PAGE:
18-36 Months: Learning to Love Books
When toddlers are introduced to the magic of books, they develop a love of reading that can last a lifetime. Language is the foundation for literacy, and you can help your toddler get ready for reading by incorporating listening and talking into everyday activities. Even though children are still developing language, reading is very important at this age. When you read to your toddler, you help her to learn about new words and concepts, learn letters, and learn about the way the printed word works. Reading to your toddler, talking about books and the printed word as much as possible, and providing many opportunities for her to experiment with writing will help her get ready to read.
Your toddler is a natural explorer, and his curiosity sparks the development of language, reading, and writing. He listens intently to adults in order to learn new words, is interested in the way language works, and experiments with using new grammar when he speaks. Toddlers love adults to read stories aloud, and they especially like to hear the same stories repeatedly. By listening to stories over and over again, your toddler learns about the way stories are built, which will help him as he gets closer to being a reader and writer.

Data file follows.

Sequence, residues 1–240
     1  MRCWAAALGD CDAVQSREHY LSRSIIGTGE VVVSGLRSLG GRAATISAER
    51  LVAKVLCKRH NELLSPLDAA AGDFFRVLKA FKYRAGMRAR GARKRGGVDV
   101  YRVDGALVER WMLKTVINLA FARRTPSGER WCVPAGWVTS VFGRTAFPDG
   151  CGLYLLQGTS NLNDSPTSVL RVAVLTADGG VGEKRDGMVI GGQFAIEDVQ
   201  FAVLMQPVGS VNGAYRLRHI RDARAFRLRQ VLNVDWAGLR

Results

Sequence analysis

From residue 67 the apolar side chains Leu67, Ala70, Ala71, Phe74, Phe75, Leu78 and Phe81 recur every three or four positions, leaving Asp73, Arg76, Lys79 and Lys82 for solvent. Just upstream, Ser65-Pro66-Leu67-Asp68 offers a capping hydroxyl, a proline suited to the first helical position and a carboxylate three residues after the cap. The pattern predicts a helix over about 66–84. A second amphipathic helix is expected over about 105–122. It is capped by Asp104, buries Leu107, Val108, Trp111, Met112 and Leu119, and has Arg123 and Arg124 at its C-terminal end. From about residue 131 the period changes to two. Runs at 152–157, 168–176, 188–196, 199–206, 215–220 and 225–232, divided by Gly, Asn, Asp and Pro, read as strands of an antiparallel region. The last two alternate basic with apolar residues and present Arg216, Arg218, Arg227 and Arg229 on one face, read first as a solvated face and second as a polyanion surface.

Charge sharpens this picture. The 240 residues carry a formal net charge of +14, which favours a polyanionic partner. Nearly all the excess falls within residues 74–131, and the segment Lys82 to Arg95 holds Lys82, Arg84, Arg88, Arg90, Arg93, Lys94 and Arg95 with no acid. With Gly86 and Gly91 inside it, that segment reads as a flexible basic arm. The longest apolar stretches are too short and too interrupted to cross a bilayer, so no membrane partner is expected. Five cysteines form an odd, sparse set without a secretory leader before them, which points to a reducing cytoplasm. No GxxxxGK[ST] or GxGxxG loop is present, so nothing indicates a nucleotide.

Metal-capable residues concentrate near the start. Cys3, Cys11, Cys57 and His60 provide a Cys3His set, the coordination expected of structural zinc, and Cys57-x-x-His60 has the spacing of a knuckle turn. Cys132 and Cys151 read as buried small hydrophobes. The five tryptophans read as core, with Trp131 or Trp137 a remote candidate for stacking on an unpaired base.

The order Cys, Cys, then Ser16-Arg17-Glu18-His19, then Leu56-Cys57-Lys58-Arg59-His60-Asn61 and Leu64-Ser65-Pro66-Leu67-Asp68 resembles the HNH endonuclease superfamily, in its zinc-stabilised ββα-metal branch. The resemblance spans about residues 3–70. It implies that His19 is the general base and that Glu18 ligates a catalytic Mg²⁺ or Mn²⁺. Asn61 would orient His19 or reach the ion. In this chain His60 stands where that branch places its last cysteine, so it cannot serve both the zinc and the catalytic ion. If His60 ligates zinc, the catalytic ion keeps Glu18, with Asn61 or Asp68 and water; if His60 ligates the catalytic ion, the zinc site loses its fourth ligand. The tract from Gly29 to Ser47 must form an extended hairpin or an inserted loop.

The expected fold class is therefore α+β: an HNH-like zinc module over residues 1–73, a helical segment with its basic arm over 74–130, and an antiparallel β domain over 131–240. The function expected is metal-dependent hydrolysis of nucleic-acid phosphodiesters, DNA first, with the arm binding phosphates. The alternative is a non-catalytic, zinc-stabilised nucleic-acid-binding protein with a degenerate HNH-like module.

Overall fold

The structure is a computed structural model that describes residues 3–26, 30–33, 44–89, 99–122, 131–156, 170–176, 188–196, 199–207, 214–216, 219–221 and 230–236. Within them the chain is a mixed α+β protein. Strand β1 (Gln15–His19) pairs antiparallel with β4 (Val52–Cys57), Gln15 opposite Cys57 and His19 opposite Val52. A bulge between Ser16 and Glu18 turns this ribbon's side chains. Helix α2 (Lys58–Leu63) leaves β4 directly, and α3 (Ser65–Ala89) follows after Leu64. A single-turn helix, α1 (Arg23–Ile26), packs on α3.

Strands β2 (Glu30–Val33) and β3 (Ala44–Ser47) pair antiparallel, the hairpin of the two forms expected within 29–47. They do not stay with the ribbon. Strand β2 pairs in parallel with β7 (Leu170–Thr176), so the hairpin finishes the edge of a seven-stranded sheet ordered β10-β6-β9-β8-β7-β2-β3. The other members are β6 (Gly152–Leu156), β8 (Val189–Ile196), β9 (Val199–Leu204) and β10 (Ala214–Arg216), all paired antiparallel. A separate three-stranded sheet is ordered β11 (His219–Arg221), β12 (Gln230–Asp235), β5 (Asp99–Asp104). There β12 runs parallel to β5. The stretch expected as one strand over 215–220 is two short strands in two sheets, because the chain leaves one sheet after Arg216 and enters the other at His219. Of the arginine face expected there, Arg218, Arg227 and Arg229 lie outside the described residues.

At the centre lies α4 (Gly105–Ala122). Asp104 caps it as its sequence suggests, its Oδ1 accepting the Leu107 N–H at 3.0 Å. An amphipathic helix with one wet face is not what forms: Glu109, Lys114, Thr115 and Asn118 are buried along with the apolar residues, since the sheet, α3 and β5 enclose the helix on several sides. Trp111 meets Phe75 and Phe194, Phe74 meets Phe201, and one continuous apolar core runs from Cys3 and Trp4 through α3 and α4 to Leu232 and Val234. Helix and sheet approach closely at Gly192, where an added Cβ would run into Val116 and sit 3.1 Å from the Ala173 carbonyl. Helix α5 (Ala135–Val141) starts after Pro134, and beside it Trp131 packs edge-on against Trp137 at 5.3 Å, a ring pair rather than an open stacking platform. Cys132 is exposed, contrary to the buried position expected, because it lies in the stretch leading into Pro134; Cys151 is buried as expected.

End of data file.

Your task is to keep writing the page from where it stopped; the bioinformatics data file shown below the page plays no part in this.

You can help your toddler become a reader and writer by incorporating talking and reading into everyday activities. Simple actions like looking at signs as you ride the bus, looking for letters at the grocery store, reading a rhyming book together, or making a books of photos and talking about the pictures will help your child develop the language skills on which literacy is built. Below are more ways you can support your toddler as he moves towards literacy.
How to Help Your Toddler Get Ready to Read
- Use simple language with your toddler. Make eye contact with your toddler when you talk. Speak in short, simple sentences and repeat new words that you use. When you simplify your language, you help your toddler use language correctly and learn new words.
- Tell your child stories about real events. When you tell your toddler stories, you help her to understand the ingredients that go into them, such as a setting, characters, a plot, and dialogue. Knowing how stories are built with your child understand other stories he hears.
- Read different kinds of books to your child. When you vary read-aloud choices, you introduce your child to books cotnaining information about many topics. Try reading nonfiction books about animals, ABC books, and rhyming books. Many children pick favorites to hear over and over again.
- Show your toddler the letters in her name. Looking at letters with a parent helps toddlers learn them. Start with your child’s name to help her understand that letters and words represent people. Then point out letters wherever you go to help her connect them to places and objects.
- Keep crayons with in easy reach. Toddlers begin to learn to write by scribbling and making marks on paper. Their scribbles eventually become letters. When you keep markers, crayons and paper handy and write alongside your child, you promote his writing development.